# Making a Multiplayer FPS in C++ Part 8: Client-Side Prediction Revisited

I was lucky enough to go to GDC 2018, and while there I had the pleasure of sitting down with Glenn Fiedler in a really rather swanky tea place. For those not already aware, Glenn is pretty much “the netcode guy”. If you’re looking on the web for information about netcode and network models, then you’ll almost certainly read some of his articles. They contain a lot more detail than most about the actual implementation of the ideas, you can watch all the GDC videos about networking that you like, at some point it’s great to see some actual code. Even the Barnier paper from 2001 was pretty high level really - you could download the Source Engine source code, but it’ll take a while to get a foothold in a new large codebase. In 2009 when I was in my first job in the industry as a lowly intern, I was tasked with making an MMO client. I’d never even opened a socket at that point, in my googling I found Glenn’s site, I soon got pretty obsessed with netcode, and the rest is history.

The reason for meeting Glenn was to find out about his new company Network Next - which is also well worth checking out, the implications for multiplayer games are huge. The conversation turned to netcode, and he rapidly ran through various snapshot-interpolation related things that he thought I might need to know. In amongst that stuff, he showed me that I’d misunderstood something about inputs and client-side prediction.

### I Was Wrong

The mistake I’d made (and you can see this if you read part 5) was that I thought the clients and server should run at the same tick-rate, and that all client inputs should be simulated in lock-step. For example, if the server was about to simulate tick 100, it would hopefully have received inputs from all connected clients for tick 100, and it would simulate all the players for tick 100, then serialise and send out a snapshot back to all clients. If the server had not received an input from one or more clients for tick 100, then it would just copy whatever input it had from a previous tick. If an input arrived late - too bad, the offending client would probably be getting a correction.

This was wrong. The clients run at whatever speed they can or want to, and send their frame deltas in their input packet, along with the button presses and so on. When the server receives the input packet, it can just carry out the input straight away. So there kind of is no “tick 100”, the server tick rate just governs how frequently non-player game state (e.g. NPCs) gets updated, but for players it’s effectively more a sample rate.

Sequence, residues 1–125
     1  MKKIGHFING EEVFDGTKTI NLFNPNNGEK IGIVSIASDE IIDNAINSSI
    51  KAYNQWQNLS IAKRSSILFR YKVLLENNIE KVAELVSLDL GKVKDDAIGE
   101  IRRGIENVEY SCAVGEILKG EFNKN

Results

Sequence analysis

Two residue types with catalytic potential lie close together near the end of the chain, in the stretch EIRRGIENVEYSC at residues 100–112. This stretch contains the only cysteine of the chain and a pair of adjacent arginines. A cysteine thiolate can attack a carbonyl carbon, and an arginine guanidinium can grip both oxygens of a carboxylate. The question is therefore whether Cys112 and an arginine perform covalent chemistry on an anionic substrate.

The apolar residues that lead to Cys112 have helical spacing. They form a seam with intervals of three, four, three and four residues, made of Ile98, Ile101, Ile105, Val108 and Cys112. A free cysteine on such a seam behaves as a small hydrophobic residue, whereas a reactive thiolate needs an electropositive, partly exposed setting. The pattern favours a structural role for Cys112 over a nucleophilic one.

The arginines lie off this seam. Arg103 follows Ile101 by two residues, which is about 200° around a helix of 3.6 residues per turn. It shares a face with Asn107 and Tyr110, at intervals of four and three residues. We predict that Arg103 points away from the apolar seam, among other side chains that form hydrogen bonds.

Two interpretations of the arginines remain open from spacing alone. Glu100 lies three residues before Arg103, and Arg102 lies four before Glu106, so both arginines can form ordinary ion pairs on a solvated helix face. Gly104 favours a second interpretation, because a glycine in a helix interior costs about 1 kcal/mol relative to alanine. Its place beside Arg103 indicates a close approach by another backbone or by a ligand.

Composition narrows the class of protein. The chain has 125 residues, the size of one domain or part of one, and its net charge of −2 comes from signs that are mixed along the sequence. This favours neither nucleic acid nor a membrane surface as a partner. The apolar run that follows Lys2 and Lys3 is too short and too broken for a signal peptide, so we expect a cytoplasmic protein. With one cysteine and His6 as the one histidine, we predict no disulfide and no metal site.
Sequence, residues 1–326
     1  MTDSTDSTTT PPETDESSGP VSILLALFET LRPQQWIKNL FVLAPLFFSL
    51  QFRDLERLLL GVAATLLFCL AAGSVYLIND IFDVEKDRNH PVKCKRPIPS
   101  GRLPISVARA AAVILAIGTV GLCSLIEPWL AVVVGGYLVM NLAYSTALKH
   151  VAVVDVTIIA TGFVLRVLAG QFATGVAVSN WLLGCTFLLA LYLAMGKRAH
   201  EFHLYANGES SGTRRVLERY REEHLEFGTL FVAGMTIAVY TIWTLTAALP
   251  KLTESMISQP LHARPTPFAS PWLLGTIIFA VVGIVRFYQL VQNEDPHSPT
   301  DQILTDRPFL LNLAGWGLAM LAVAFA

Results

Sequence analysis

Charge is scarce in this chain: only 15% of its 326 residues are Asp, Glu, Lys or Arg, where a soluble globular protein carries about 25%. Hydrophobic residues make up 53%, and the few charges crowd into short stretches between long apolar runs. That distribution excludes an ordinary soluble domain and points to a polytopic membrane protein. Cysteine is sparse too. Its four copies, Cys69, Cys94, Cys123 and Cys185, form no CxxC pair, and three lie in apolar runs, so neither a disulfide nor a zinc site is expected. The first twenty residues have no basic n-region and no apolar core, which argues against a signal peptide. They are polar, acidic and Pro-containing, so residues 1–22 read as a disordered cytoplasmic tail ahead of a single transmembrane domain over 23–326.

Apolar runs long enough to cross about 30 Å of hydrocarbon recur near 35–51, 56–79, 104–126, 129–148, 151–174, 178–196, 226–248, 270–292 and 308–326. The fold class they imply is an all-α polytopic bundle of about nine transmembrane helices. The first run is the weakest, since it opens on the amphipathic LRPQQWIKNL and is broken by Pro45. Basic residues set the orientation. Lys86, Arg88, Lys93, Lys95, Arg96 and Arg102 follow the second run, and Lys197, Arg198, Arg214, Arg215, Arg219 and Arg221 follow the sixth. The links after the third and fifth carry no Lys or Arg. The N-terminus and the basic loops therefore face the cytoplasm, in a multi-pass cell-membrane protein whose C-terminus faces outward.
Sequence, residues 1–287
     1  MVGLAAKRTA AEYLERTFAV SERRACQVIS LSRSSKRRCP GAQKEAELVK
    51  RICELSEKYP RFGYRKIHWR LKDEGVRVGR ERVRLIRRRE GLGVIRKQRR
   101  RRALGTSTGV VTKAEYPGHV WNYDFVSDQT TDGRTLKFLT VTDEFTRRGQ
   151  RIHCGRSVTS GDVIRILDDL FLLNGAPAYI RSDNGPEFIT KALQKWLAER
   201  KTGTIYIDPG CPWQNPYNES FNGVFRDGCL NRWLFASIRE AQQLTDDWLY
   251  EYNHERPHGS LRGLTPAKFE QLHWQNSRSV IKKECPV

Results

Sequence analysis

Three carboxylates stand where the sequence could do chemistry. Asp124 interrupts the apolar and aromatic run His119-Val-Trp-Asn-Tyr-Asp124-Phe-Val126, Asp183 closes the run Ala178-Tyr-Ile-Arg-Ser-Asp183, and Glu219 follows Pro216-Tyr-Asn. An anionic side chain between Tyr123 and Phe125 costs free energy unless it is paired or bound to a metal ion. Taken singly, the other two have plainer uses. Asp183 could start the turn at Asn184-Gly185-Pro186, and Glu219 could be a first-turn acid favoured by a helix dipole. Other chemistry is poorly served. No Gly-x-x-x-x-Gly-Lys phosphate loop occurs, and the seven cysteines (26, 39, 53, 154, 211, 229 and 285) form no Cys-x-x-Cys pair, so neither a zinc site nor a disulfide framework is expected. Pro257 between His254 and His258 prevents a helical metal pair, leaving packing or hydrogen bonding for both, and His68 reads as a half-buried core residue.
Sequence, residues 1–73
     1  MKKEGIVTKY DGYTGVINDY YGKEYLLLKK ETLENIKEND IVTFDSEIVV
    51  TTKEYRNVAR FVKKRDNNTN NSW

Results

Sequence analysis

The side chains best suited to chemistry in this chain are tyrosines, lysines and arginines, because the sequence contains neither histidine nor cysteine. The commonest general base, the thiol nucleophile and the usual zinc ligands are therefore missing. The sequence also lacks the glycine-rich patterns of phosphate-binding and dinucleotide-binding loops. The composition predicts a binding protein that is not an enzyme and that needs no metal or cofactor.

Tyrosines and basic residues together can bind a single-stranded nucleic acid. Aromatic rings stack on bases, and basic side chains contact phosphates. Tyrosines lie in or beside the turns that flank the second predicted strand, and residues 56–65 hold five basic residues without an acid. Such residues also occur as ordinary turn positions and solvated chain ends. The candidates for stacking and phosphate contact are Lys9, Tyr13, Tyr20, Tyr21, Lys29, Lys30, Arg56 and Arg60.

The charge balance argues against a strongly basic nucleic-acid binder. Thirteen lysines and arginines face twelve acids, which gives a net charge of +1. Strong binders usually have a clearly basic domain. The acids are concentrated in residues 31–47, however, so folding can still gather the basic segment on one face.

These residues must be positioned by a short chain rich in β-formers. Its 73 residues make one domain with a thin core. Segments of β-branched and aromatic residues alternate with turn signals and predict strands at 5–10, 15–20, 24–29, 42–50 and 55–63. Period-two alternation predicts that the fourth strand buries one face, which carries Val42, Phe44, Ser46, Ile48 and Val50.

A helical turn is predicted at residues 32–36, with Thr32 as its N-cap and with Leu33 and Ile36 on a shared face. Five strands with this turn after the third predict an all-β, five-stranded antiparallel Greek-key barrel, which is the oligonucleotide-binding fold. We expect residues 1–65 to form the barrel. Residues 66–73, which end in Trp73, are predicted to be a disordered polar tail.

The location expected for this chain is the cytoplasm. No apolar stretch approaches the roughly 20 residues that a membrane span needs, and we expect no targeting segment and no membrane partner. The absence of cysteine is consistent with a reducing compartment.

The beauty of this, is that there’s no such thing as a late input. Even a dropped packet wouldn’t matter most of the time - in each input packet you also provide a bunch of redundant inputs from previous ticks (input data is small, so you can cram in a lot), so if some packets go missing, the server will pick up the lost moves from a later packet. The other advantage is that the client is now no longer forced to tick at the same rate as the server. If the server is ticking at 60, but a player has a low power machine which can only manage 30, they can still play. On the other hand, if their machine is a beast, they can run at 120 and feel the benefit of those extra frames.

The downsides though - firstly, a player running at a higher frame rate will put more strain on the server. A player running at 120 ticks per second will incur 4 times the input processing cost on the server than a player running at 30. For this reason it's a good idea to cap the client simulation frame rate to something sensible. If a player is running at a slower rate than the server then (I think) a solution to this might be to interpolate the player position on the server. So if the server is ticking at 60hz, and the client at 20hz, the server would simulate that client’s inputs, but interpolate the resulting position over 3 ticks.

Second - speed hacks are back. When the simulation is ticked in lock-step it pretty much neutralises speed hacking. However, I think you can solve this problem at the same time as dealing with jitter. As I’ve mentioned in part 5 network jitter can be greater than you might expect, 1-2 frames at 60hz is a good rule of thumb. Jittering of the input packets arriving at the server will cause the player’s positions to jitter on the server, and then this jittery movement will be observed by players when snapshots make their way to the clients. The solution to this is to measure the jitter for each connected client, and buffer their input packets accordingly. This adds additional latency between clients predicting their actions locally, and having those actions confirmed on the server. By buffering on an individual basis, only the players with jittery connections will be affected. The server can attempt to eat through this buffer at a steady rate. It should be able to speed up and slow down slightly to adapt to changing latency/jitter, but not so much that a speed-hacking client could get much benefit, their buffer would just fill up.

### Implementation

So I’ll need to make some changes, though I’m still going to assume no jitter, packet loss, or packet duplication for now. This means that for now I won’t be buffering the inputs on the server for jitter/hacking, and I won’t bother sending redundant inputs in each input packet.